Alignments are critical in the building of the UI. In the previous post, we have covered vertical alignments, but in this one, we will focus on horizontal alignments.
Alignments are critical in the building of the UI. While SwiftUI spacing between UI elements follows the Human Interface Guidelines by Apple out of the box, some UI elements need some adjustments to they positing regarding other UI elements. In this post, we will cover the basics of alignments. We have two types of alignments Horizontal and Vertical.
Even if SwiftUI has a lot of available UI elements that we can use to build our app, they’re a lot of missing UI elements from UIKit and a lot of open-source UI elements that we might want to use in our projects.
SwiftUI is a powerful framework that allows you to write UI for different screen sizes. But even if we write our app only for iOS, we might find ourselves having our UI shrunk on smaller devices. For such cases, SwiftUI lets us decide what view is more important than another.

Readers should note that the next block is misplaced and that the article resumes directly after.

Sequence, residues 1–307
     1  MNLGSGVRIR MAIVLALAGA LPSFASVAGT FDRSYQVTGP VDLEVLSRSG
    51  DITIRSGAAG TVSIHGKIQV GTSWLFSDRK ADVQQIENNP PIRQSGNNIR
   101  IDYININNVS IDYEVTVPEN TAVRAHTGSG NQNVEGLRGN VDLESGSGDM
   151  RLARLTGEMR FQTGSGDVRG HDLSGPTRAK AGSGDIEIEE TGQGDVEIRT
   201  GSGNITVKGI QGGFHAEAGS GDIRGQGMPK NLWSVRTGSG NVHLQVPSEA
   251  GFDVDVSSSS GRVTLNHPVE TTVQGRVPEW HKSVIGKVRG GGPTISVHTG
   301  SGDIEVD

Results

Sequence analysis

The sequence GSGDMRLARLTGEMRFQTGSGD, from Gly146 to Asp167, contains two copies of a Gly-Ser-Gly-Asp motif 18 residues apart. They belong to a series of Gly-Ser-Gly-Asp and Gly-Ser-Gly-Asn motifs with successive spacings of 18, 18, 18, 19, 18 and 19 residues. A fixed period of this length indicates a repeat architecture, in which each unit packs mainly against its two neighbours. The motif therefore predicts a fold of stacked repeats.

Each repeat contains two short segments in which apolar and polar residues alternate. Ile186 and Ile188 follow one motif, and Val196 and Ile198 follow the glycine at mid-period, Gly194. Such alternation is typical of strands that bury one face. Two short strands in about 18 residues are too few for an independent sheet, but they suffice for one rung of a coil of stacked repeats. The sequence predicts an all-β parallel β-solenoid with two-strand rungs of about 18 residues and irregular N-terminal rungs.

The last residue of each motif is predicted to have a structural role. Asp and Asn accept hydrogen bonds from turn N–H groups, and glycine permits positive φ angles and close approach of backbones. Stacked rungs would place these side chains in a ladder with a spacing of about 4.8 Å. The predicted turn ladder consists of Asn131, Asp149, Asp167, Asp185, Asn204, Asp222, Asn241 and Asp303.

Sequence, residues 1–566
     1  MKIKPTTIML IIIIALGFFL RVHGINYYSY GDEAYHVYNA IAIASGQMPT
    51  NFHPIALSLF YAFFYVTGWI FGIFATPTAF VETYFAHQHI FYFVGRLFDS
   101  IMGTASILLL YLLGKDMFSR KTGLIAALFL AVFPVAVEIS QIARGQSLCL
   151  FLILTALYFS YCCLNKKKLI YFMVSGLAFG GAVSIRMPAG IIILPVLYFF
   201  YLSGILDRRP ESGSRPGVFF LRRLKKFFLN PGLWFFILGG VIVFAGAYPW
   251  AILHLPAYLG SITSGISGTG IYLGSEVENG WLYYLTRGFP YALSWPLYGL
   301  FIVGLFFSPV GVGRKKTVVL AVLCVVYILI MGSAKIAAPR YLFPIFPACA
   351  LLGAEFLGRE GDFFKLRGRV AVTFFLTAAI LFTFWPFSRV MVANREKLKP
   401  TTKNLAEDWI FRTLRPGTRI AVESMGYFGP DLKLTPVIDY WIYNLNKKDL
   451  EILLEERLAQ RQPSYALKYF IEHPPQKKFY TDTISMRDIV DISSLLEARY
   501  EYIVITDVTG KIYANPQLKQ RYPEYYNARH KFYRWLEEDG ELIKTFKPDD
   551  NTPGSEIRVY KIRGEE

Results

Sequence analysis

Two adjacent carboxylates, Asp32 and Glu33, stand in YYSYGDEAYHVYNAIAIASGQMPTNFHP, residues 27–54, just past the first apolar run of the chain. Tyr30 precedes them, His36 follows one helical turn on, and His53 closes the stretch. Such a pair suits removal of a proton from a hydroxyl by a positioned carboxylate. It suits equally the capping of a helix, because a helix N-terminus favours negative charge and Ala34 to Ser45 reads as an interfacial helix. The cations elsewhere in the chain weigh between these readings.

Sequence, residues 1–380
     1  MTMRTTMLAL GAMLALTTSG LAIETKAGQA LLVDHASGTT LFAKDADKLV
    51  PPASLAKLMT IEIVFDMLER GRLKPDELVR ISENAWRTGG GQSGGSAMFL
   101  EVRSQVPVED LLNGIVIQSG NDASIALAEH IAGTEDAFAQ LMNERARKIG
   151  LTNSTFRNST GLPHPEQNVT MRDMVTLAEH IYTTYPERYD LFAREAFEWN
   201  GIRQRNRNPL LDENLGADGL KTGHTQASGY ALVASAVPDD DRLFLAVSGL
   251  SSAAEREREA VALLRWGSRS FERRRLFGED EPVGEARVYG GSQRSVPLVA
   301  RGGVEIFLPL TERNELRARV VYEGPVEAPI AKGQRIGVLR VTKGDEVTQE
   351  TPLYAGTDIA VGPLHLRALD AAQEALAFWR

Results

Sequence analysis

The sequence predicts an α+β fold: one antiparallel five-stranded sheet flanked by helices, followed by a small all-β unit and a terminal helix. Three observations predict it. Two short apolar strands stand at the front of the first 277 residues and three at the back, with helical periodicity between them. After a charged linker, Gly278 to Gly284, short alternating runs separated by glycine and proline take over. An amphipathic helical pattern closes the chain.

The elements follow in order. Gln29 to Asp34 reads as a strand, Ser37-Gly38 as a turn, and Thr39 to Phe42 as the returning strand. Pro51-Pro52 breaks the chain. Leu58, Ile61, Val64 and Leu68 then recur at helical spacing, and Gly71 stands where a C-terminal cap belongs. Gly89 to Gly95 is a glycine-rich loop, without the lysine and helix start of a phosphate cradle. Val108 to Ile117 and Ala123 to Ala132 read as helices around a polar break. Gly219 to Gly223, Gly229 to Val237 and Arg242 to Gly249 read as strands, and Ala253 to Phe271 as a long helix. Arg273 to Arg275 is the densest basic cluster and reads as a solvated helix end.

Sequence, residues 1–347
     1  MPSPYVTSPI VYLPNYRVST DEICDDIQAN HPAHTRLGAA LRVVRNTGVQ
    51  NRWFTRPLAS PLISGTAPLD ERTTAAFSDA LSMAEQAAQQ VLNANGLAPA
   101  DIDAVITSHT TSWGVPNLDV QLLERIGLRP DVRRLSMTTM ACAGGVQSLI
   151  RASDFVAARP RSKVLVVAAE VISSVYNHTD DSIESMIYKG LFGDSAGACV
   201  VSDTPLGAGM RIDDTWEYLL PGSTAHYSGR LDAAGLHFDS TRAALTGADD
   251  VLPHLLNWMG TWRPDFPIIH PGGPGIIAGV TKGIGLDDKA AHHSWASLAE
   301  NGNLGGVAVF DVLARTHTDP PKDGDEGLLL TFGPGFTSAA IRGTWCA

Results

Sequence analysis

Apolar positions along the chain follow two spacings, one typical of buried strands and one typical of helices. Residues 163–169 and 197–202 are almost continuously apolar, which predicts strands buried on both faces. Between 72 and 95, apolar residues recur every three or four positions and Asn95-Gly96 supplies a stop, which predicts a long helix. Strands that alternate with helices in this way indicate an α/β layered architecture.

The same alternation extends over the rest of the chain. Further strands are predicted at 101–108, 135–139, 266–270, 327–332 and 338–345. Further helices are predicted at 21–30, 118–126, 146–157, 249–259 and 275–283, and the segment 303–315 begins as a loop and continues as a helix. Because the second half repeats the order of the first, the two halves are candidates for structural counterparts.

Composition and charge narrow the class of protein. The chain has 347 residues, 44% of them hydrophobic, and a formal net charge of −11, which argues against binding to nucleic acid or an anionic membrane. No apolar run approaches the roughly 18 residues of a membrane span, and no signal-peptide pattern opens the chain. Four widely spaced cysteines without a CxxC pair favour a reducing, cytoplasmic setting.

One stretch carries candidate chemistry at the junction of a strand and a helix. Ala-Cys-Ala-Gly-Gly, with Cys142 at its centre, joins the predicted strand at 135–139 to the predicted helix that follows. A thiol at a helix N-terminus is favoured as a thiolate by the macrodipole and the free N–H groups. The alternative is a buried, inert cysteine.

One of the SwfitUI principles is that every piece of data has a single source of truth. In SwiftUI, we have two options for managing these sources of truth: @State or BindableObject.
Earlier, we have discussed about
Environment and how to get predefined values from it. In this article, we will discuss how to set
@Published is a property wrapper, that was introduced in Swift 5.1.
@Published property wrapper augments properties by adding willSet observer.
@ObservedObject is one of SwiftUI property wrappers which came up in Swift 5.1. If we have data that should be shared between multiple views, and all of them should automatically update when data changes, then
@ObservedObject is our way to go.
When we create our first view in SwiftUI, the framework generates an Environment for it. SwiftUI uses Environment to store different system settings like the color scheme and app-specific stuff like default font.
If we have data that should be shared between multiple views, and all of them should automatically update when data changes, then
@EnvironmentObject is our way to go.The most crucial advantage of
EnvironmentObject is that we don’t need to pass it to each view that needs it.